The following is a piece I wrote on the tenth anniversary of the September 11th attacks.
I was teaching my third graders when my classroom phone rang around 9:00. It was my ex-wife, calling to tell me that a plane had hit the Word Trade Center. She said that it was likely a commuter plane, but if I had some free time, I might want to turn on the news.
“All the networks are covering the story,” she said.
It was 2001 and I did not own a cell phone. Though the Internet was up and running, it was not nearly as ubiquitous as it is today. My ex-wife knew that in those days, once a teacher entered a school, he or she was often encased in a protective bubble, unaware of outside events until the school day ended. No televisions, no radios, no smart phones, and little time for phone calls. The outside world did not exist while we were teaching. As a result, she would occasionally call me with breaking news, giving me a chance to step away at lunchtime to catch up on world events.
I hung up the phone and continued teaching, wondering how a pilot could accidentally fly into one of the largest buildings in the world.
“What an idiot,” I remembering whispering aloud as I returned to my lesson.
Ten minutes later she called back. “Another plane hit the second tower. It’s an attack.”
I hung up the phone and turned to my students, who were busy solving math problems. I had to smile and continue to teach them, knowing that something terrible was happening outside the walls of our school. As I spoke about subtraction with regrouping, I tried to imagine what was happening in New York City.
At 9:30 I dropped my students off for vocal music class, pulling their teacher aside and whispering, “Two planes have crashed into the World Trade Center. It’s a terrorist attack.”
I headed for the principal’s office to see if he even knew that the attacks were taking place. The small television had been moved onto his desk, and he and several others were watching the events unfold. We watched the towers burn together in near silence.
A couple minutes later news came that The Pentagon had been hit. There was discussion that this might be the tip of the iceberg, the first in a long series of terrorist attacks. There was speculation that there could be more planes, many more planes, flying to many more targets around the country. We listened to new anchors report on the casualties and speculate on the numbers still awaiting to die in the towers.
Someone in the office said, “We are at war.”
Just before 10:00, we watched the south tower fall. I couldn’t believe my eyes. I remember thinking that it looked as if the tower had been built of ash and bone. There were several people in the office at the time, and at least two uttered quiet screams as the tower collapsed.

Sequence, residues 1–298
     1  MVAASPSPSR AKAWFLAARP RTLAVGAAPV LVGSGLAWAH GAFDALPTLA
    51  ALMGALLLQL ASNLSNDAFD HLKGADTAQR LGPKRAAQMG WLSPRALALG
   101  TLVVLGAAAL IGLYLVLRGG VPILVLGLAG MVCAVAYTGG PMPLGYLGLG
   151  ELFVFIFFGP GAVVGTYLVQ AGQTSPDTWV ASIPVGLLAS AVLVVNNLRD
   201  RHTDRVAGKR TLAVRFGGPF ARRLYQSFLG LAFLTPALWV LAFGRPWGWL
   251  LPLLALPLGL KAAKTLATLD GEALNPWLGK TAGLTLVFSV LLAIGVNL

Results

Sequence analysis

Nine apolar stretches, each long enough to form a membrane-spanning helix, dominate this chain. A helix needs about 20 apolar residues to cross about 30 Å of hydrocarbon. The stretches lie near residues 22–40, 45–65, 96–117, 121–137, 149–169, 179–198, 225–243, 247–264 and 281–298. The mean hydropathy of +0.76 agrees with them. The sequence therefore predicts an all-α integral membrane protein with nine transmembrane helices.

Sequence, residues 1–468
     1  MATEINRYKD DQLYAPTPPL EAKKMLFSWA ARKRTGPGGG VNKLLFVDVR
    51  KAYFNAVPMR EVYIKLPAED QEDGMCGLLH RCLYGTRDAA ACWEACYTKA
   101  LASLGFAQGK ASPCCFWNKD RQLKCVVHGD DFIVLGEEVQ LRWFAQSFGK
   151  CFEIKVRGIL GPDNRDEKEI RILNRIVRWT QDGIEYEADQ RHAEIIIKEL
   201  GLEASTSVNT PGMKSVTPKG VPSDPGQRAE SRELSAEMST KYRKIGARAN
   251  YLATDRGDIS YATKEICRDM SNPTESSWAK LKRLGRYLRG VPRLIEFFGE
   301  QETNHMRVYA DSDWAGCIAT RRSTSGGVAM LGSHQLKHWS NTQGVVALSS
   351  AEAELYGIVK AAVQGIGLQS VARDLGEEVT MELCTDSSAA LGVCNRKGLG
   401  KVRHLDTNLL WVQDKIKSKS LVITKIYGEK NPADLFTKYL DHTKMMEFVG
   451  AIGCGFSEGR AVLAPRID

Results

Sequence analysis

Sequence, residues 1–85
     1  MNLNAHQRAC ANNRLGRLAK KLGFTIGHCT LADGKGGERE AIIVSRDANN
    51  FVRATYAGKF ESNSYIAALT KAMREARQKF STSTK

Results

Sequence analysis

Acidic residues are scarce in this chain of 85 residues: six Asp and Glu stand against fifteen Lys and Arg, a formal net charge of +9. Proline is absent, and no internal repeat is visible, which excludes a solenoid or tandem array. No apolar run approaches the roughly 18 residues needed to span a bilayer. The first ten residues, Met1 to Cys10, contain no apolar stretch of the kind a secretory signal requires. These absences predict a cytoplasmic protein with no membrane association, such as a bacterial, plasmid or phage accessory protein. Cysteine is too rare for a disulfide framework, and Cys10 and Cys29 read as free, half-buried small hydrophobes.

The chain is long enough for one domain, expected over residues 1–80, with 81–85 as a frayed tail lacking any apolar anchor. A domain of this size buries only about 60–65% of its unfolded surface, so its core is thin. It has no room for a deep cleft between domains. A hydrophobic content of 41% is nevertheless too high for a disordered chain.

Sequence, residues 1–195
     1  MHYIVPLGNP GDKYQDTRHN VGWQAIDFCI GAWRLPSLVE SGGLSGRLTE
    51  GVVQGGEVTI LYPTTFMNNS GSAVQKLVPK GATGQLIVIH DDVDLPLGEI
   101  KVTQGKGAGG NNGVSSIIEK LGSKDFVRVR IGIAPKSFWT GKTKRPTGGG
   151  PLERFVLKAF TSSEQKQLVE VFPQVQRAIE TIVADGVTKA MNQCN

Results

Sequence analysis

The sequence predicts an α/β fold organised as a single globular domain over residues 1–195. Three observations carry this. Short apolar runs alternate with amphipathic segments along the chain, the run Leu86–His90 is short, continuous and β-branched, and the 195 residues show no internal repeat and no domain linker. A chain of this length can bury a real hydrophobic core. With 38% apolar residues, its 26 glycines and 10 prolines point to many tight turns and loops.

A minute after it fell, I left to pick up my students. I remember walking to the basement stairs, feeling saddled with momentous and awful information that I could not share with my kids. Information that I did not want to share with them.
I remember thinking that I would try to make this school day as normal and happy for them as possible, knowing that the world was changing before our eyes. I remember envying them, too, thinking about how fortunate they were to have one more day of peace and normalcy than the rest of us. I decided that I would build a protective cocoon around my kids that day, making sure that whatever we did was normal and fun and spirited and full of laughter. I wanted this last day for them to be the best it could possibly be.
Parents began picking up their children as news spread, but only a few left my class early. Most of us remained together, learning and laughing as buildings burned and people died. As their parents took them by the hand and led them out the classroom door, I felt sorry for them, knowing that they were returning to the real world where planes flew into buildings and mighty towers collapsed onto city streets.
I remember thinking that nothing would ever be the same for them. The safety and security that had infused my childhood would no longer exist for them. Their country had been attacked. Civilians had been killed and buildings had been knocked down by our enemies. Our borders would never feel quite as secure as they once had. I wondered if Americans felt the same following the attack on Pearl Harbor.
In many ways, the world did not change as much as I had feared, at least for my students. America went to war, terrorists continued to threaten our safety, and civil liberties eroded under the threat of more attacks. It’s a very different world today, but my students remain as happy and as enthusiastic about the future as ever. The students who I teach today were born in 2001 and view 9/11 as a history lesson, something that happened before their time. While the ramifications of the attacks will continue to impact their lives for years to come, their childhood remains blissfully intact for the most part.
Like the kids who I was teaching on the morning of September 11, 2001, these children see the future as full of hope and promise.
I love them for it.